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2021 Atlanta Eater Award Winners for Greatest New Restaurant, Greatest Pop-Up, and Greatest Menu, and Greatest Vegan Restaurant

2021 Atlanta Eater Award Winners for Best New Restaurant Best

At this time we announce the winners of the 2021 Eater Awards, celebrating the brand new eating places and pop-ups that made the biggest impression on all 24 Eater cities since January 2020.

After deferring final yr’s awards because the business got here to grips with the state of eating in the course of the early days of the pandemic, eating places are actually settling into the cadence of a brand new regular. However eating places contemporary on the Atlanta eating scene are setting the usual for what the way forward for the business seems to be like and the way it operates.

Winners are awarded Eater’s illustrious tomato can trophy.
Kevin Galaba

Selecting these winners isn’t simple — a process made tougher this yr by the extenuating circumstances introduced on by the worldwide well being disaster. The 2021 winners embody two eating places that started as pop-ups and efficiently transitioned to neighborhood locations; a restaurant staying true to its homeowners’ culinary roots and bringing Atlantans alongside for the trip; a vegan restaurant with a contemporary tackle a Southern meals establishment; a pandemic pivot from full-service eating to a neighborhood market and counter-service restaurant; and a pop-up born from the need to create a meals legacy.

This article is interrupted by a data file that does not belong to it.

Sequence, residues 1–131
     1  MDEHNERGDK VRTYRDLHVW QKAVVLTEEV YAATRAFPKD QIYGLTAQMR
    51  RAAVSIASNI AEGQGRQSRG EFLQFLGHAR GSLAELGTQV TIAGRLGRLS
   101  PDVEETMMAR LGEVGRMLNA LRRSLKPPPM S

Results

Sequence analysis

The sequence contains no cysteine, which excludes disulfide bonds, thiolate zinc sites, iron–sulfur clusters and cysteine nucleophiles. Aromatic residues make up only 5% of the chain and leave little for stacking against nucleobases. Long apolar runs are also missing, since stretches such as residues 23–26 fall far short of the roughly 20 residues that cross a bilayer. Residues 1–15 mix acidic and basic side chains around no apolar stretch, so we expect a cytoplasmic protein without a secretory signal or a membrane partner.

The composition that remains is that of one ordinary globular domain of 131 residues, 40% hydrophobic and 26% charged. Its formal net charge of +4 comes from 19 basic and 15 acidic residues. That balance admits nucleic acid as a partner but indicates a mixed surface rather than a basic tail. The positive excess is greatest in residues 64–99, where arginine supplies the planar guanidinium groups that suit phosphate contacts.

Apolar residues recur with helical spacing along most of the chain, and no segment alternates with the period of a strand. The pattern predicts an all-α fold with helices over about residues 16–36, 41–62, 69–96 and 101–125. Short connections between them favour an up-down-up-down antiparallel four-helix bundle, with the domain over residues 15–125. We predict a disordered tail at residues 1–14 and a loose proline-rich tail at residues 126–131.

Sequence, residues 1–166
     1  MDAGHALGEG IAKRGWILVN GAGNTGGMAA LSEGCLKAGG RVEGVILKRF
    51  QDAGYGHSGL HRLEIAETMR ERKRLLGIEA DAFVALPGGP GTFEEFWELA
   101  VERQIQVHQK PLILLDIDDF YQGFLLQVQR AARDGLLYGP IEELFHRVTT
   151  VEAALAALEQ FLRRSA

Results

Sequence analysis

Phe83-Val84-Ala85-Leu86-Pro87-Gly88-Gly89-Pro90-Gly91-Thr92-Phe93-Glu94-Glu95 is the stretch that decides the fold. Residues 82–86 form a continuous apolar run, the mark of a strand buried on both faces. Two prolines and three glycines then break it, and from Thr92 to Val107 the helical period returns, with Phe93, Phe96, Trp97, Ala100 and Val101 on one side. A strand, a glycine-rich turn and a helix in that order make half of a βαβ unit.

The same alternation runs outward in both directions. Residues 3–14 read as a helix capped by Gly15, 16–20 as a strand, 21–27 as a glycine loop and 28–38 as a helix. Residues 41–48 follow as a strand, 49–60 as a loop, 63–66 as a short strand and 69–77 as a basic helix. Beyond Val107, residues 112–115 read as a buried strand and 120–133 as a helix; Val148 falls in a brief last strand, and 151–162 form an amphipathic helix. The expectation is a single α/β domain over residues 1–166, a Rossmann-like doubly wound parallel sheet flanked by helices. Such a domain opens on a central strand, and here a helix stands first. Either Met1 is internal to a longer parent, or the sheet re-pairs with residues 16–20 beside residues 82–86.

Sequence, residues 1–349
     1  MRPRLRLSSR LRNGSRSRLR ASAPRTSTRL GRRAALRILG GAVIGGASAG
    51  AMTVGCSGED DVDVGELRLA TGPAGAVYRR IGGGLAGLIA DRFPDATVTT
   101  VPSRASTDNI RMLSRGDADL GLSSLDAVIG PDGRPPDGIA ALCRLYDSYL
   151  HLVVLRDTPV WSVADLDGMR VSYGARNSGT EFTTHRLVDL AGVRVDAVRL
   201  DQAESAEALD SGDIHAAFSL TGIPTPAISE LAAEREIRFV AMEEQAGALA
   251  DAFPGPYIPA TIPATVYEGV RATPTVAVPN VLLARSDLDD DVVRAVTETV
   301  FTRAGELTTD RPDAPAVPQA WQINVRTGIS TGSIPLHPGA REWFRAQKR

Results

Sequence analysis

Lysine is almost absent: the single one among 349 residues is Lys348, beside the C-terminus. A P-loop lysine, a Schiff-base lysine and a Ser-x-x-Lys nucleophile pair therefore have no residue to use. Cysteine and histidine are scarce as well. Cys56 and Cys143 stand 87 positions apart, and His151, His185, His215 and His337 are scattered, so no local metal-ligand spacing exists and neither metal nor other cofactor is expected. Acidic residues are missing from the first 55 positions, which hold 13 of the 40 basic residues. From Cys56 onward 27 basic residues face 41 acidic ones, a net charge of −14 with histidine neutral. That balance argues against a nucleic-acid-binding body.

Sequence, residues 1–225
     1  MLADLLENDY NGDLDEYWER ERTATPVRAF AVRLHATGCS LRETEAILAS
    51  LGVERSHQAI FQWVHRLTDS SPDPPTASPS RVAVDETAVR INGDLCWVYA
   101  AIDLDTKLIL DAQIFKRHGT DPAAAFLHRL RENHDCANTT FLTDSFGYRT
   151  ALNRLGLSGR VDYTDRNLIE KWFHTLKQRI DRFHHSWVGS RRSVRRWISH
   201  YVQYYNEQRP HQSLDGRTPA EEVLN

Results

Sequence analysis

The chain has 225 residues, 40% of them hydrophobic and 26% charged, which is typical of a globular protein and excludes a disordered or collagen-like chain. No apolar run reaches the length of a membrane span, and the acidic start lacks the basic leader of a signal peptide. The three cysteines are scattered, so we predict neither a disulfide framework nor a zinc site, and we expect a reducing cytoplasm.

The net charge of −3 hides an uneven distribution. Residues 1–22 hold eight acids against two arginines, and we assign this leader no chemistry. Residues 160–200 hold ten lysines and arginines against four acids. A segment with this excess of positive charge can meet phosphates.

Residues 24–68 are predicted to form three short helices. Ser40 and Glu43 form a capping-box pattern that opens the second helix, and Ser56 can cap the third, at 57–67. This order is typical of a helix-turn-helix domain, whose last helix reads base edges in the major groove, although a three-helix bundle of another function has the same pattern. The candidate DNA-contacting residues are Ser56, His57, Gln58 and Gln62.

With that, congratulations to the Atlanta winners for Greatest New Restaurant, Greatest Pop-As much as Everlasting Restaurant, Greatest New Menu, Greatest Pandemic Pivot, Greatest New Pop-Up, and Greatest New Vegan Restaurant. Winners will obtain Eater’s illustrious tomato can trophy to placed on show.


Tum Pok Pok, Chamblee

5000 Buford Freeway

Food

Tum Pok Pok